A drive that is a little over 2 hours between Capitol Reef and Moab ensures that visitors should always have this lesser known park on their radar. You could even consider using Moab as a base to explore Arches, Canyonlands, and take a day trip to Capitol Reef but ultimately it depends on your personal itinerary and how much time you want to dedicate to each park.
To add a little context, Capitol Reef is accessible from the following Utah cities and landmarks:
- Salt Lake City – 218 Miles (3 Hours 26 Minutes)
- St. George – 209 Miles (3 Hours 22 Minutes)
- Bryce Canyon National Park – 112 Miles (2 Hours 6 Minutes)
- Zion National Park – 186 Miles (3 Hours 33 Minutes)
The Landscape of Capitol Reef National Park
While Capitol Reef is frequently considered the least well-known of all the national parks in Utah, you may be surprised to hear that this is actually the second largest after Canyonlands National Park. Much of Capitol Reef surrounds the Waterpocket Fold geological formation, and the park itself runs predominantly north to south, at 60 miles long and only 6 miles wide.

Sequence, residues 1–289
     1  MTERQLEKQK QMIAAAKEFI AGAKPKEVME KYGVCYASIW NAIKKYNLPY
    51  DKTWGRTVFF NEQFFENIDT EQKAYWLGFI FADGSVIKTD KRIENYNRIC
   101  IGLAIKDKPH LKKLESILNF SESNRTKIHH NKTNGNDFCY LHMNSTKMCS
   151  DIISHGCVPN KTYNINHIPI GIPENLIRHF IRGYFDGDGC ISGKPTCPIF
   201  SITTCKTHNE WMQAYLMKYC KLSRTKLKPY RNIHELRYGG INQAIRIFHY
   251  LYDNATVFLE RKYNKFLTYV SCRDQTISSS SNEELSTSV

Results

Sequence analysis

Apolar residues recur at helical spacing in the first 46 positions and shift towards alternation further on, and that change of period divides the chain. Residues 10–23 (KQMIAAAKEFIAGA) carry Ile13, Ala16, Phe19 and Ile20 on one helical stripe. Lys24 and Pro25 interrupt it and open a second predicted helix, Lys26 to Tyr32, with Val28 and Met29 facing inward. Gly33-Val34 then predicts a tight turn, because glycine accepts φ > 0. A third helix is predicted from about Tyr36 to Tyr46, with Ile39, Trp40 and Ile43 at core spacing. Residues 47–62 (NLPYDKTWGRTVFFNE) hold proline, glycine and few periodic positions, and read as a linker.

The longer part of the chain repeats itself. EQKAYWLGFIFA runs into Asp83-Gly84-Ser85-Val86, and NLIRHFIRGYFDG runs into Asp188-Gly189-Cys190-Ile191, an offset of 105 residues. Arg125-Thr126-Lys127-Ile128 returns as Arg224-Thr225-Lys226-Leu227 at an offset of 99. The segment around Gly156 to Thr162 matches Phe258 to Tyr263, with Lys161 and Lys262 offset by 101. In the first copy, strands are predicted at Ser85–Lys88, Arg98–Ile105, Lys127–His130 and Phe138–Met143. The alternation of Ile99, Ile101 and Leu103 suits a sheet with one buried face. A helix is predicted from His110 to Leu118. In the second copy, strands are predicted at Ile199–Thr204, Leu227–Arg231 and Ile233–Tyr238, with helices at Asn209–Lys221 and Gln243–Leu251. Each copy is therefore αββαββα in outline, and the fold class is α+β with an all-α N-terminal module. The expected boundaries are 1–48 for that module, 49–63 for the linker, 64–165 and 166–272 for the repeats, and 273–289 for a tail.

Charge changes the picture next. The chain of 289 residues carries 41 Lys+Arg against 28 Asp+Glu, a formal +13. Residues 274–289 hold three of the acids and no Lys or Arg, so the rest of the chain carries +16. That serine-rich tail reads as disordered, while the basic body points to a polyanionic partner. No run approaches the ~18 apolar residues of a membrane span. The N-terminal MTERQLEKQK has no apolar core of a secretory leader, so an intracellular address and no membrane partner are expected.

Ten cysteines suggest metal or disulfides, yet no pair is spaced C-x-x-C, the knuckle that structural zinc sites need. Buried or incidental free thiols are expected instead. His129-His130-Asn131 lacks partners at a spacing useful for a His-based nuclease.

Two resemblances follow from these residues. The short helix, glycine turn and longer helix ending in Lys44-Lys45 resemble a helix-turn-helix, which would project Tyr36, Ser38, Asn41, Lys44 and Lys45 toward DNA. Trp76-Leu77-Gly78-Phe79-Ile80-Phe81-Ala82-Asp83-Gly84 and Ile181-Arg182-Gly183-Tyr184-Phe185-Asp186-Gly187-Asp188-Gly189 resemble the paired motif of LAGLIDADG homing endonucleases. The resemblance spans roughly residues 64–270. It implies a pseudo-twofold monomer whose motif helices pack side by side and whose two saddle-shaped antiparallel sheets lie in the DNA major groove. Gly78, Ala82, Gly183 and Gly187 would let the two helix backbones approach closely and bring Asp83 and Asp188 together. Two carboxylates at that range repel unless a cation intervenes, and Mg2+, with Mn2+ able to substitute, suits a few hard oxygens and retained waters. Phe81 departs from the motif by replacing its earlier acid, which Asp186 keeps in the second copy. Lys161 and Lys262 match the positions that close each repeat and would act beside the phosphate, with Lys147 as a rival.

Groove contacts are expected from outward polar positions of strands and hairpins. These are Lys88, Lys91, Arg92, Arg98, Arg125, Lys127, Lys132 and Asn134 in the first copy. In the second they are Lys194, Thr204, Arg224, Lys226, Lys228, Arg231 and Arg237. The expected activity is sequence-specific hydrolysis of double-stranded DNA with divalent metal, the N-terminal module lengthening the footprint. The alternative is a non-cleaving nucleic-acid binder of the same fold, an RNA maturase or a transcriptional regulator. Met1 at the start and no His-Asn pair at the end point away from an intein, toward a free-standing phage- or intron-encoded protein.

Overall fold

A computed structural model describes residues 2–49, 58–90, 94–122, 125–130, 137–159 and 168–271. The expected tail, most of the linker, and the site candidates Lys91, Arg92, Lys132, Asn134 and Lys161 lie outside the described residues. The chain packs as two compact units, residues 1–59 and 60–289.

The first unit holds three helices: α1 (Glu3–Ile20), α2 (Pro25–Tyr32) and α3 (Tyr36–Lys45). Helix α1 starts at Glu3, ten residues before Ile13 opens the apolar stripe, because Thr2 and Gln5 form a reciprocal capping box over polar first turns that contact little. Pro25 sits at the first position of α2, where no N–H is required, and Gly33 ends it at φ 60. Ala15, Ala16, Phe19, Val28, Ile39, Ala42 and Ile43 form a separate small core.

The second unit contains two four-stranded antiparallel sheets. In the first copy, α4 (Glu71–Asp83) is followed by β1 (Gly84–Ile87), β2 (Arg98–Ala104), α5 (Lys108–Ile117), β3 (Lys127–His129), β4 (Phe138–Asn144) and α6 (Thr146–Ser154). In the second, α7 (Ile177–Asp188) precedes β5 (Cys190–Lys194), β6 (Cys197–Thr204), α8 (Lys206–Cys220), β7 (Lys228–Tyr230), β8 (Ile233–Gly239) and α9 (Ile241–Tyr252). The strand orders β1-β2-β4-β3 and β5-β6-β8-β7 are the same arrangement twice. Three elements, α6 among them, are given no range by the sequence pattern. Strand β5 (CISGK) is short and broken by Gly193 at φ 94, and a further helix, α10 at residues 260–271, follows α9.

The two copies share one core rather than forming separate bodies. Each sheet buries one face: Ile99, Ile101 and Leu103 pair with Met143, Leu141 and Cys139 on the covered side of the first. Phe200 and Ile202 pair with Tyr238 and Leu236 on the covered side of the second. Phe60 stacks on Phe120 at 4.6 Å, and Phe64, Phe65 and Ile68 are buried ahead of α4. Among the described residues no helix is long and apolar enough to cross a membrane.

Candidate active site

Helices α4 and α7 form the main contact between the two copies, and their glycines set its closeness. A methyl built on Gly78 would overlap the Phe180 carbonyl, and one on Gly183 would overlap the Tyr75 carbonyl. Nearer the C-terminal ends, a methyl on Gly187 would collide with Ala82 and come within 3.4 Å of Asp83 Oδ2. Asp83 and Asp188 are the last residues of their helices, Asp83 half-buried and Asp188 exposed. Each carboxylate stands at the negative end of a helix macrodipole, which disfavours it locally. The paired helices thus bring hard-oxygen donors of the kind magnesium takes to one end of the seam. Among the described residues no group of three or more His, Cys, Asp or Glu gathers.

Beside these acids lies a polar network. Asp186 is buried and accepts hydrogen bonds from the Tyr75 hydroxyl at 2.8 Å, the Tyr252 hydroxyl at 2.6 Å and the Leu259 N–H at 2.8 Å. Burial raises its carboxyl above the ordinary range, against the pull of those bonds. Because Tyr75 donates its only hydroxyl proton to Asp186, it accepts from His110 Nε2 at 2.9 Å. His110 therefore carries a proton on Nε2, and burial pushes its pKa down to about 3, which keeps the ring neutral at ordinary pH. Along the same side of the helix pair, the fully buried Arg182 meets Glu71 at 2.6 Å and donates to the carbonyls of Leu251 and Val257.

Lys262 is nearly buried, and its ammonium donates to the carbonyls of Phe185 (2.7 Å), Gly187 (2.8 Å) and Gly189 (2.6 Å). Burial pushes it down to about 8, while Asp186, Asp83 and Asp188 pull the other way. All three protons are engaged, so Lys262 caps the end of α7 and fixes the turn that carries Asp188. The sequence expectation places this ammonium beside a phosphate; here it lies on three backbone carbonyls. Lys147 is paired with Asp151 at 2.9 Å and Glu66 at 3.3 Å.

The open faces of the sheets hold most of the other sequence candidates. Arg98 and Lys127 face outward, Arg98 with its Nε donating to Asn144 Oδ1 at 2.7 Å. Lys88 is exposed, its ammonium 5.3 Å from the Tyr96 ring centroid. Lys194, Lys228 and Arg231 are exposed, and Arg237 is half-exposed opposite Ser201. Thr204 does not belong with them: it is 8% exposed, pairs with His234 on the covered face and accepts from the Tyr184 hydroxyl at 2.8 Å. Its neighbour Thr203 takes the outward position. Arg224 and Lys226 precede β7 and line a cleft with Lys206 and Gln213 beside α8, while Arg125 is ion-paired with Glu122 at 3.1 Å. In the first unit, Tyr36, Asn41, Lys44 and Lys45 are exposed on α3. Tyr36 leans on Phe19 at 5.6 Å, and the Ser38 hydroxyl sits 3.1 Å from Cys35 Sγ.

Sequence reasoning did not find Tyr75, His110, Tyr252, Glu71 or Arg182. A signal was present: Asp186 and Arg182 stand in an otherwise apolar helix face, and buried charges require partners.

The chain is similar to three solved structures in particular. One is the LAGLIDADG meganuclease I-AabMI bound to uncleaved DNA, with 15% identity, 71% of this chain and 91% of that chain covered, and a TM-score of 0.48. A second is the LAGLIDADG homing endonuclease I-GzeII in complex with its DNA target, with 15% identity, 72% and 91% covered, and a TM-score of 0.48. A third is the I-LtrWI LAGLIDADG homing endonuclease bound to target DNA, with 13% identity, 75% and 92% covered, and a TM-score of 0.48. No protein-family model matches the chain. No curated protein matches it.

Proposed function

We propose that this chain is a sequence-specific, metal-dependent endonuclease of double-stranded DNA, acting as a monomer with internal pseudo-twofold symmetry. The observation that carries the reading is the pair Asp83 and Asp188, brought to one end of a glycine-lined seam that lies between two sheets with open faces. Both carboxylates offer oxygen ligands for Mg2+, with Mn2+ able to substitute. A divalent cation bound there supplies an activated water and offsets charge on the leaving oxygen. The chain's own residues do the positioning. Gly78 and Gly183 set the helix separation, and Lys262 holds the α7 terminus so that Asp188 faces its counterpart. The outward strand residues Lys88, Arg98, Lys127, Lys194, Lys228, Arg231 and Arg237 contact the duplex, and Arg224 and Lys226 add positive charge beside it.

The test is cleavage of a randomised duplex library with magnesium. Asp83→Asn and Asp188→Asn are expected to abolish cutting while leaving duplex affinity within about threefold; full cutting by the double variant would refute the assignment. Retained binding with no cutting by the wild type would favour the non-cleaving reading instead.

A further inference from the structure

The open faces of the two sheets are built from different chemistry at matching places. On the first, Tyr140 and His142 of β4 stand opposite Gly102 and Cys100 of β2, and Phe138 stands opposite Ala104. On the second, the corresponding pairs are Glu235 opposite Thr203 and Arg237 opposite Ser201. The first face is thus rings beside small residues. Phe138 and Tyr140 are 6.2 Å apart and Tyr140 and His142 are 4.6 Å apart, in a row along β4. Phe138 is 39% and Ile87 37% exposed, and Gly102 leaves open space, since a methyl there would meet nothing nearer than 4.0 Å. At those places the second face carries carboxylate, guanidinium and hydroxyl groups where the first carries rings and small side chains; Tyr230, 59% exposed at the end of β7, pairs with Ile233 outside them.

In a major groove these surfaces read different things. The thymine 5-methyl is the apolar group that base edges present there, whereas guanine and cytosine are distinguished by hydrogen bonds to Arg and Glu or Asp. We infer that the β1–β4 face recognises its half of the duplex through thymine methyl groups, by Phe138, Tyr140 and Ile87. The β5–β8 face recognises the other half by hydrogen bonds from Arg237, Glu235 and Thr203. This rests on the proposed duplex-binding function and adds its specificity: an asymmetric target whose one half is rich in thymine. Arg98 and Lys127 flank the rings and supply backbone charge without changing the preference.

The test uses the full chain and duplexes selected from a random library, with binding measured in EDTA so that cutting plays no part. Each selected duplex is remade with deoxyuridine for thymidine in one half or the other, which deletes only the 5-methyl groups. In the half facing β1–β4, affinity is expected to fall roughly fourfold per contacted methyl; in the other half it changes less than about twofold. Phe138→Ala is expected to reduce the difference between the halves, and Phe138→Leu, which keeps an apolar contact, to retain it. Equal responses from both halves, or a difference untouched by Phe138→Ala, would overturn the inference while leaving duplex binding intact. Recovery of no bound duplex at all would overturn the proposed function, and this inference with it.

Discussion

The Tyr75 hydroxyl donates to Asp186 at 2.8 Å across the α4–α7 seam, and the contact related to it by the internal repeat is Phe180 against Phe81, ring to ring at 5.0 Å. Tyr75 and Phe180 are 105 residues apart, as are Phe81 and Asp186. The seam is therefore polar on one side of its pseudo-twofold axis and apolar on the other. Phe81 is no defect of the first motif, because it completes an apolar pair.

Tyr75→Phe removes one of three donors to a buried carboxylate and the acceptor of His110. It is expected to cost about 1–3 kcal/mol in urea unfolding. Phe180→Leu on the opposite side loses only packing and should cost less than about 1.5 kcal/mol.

The park can be explored via a self-guided driving tour that meanders through the inherent beauty on either side, but as with most national parks, Capitol Reef is best explored on foot by visiting many of the breathtaking trails. Capitol Reef is essentially divided into three key areas, namely the Fruita Historic District, Cathedral Valley District, and the Waterpocket Fold.
The Fruita Historic District is the most frequently visited and most accessible part of the park. Many of Capitol Reef’s infamous attractions are located in this park area, just off Highway 24. The Cathedral Valley District is much more remote and the rugged landscape of this region is highlighted by towering rock formations, impressive scenic drives, and the iconic Temple of the Sun and Moon.
The heart of Capitol Reef is frequently considered the Waterpocket Fold, and along with parts of the Cathedral Valley District, you will need an AWD vehicle in order to explore the great outdoors in this part of the park.